This, in part, is due to his investment in contemporary media and form—his boundary-challenging work in photography is but one example of this, while the exhibition suggested other parallels, one of which — a short fumetto in which Degas acted out a vaudeville skit with a couple of friends — touch directly upon the language of comics.

Years earlier, in his attentive depictions of stage performances, he touched initially upon sequentiality as a means of depicting movement, and more fundamentally conveying subjective experience. Not only is his Ballet Scene from Meyerbeer’s Opera “Robert le diable” of 1876 (see above) framed to suggest his particular point of view from the front stalls, it depicts in a brushy swathe the sensation dancing movement across the stage. Simultaneously a snapshot depiction of the large, costumed ensemble on stage and a suggestion of movement from back to front and left to right, it proposes a dynamic and novel solution to the centuries-old problem of conveying the passage of time in a single image. This strategy of employing individual figures to suggest a general pattern of movement was later employed to great effect in single panels of comics, most famously by Hergé in several of the Tintin books.

From the color version of Hergé’s “Le Crabe au pinces d’or” (1944)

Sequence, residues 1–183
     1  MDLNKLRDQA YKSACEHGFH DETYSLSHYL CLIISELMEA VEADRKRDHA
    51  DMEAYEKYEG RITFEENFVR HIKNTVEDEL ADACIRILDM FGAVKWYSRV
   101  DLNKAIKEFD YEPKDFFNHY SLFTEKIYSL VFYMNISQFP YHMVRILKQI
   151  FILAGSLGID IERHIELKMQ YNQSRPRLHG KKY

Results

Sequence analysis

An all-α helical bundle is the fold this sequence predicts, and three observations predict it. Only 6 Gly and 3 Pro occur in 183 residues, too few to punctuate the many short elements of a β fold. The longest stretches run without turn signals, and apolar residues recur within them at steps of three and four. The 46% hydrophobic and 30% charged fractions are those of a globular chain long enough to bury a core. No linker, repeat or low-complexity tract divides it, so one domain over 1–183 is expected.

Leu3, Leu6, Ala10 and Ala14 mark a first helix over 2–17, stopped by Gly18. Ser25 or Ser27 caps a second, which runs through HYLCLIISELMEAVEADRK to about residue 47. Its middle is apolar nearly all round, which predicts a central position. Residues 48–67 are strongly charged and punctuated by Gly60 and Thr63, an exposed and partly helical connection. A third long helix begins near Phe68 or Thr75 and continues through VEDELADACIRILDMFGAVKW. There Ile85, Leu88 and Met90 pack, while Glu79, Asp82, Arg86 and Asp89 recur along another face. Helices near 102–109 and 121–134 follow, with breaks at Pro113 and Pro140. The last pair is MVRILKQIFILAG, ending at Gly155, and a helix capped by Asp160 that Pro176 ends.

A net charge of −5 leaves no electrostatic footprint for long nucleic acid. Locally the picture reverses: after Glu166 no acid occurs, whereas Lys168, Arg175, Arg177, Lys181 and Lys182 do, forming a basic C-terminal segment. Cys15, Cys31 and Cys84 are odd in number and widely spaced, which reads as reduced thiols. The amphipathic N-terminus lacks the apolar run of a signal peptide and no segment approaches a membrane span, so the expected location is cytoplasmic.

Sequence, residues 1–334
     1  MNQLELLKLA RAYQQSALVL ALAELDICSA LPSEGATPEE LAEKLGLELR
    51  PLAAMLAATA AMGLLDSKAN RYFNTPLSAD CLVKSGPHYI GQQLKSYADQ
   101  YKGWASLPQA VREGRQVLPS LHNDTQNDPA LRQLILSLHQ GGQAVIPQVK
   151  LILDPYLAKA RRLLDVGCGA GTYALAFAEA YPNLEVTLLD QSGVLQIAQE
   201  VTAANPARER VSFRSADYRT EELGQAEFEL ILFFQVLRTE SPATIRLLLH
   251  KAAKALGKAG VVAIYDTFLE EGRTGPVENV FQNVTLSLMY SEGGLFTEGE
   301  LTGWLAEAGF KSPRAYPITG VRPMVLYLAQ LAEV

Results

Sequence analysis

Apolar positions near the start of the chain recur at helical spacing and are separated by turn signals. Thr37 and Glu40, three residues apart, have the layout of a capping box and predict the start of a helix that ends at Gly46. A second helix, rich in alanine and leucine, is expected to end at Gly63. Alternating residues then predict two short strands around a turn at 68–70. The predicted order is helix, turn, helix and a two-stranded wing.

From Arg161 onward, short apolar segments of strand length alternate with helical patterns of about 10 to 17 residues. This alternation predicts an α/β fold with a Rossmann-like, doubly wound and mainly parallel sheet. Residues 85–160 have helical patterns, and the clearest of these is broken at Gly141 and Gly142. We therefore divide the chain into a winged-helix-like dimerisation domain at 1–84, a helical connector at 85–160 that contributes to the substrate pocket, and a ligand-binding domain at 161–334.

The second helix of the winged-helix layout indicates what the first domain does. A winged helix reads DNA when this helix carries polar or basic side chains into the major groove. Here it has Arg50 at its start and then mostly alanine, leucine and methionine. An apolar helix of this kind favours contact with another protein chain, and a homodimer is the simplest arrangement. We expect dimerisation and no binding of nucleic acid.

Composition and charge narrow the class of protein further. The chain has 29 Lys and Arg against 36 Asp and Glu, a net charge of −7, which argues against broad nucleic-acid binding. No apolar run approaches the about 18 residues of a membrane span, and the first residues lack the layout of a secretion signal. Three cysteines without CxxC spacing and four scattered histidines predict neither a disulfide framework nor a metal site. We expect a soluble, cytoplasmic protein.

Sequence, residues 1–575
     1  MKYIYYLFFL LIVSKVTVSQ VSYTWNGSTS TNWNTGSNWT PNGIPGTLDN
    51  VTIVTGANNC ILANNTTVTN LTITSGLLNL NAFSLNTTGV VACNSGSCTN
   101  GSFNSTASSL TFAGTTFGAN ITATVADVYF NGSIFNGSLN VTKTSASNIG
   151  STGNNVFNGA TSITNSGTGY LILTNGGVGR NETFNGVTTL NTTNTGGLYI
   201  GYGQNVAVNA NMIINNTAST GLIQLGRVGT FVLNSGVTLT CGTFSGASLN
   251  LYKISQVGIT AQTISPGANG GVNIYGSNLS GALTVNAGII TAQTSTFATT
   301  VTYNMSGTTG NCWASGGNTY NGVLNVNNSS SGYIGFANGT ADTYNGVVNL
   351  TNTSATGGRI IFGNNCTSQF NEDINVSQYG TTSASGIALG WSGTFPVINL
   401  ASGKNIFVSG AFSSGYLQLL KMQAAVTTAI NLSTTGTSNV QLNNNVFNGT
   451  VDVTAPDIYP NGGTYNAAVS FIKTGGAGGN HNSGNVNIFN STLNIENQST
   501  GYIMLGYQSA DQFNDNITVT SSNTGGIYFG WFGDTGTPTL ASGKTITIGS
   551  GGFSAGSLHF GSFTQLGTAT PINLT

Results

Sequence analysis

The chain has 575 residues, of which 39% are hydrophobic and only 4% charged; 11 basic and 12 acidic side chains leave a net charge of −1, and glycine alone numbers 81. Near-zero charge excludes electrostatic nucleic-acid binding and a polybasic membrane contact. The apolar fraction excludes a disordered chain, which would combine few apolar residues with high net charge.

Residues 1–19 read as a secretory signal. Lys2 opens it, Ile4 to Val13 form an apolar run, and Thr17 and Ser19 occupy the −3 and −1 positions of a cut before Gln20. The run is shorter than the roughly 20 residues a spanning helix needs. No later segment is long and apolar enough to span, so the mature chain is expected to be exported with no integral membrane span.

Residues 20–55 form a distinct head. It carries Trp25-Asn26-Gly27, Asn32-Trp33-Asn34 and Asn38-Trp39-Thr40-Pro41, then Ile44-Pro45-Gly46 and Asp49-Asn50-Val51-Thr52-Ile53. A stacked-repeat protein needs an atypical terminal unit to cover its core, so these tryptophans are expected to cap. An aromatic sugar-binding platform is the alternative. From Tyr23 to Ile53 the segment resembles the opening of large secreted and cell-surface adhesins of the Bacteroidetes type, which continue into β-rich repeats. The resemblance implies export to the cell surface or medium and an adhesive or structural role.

It would seem that such innovations developed from the old problem of how to represent the passage of time with one image. This has been essential to narrative picture-making since antiquity, but reached new levels of sophistication in the high renaissance when the single image became increasingly divorced from the narrative series of medieval and early renaissance art. How to suggest the before and after? How to pose a figure to indicate previous or future action? Acutely aware of this tradition, Degas crucially achieved a synthesis of this knowledge with the aesthetic of photography. His figures are often posed in ways only the mechanical eye of the camera could otherwise see, but are simultaneously tweaked to achieve the illusion of movement that is mostly absent from snapshot photography.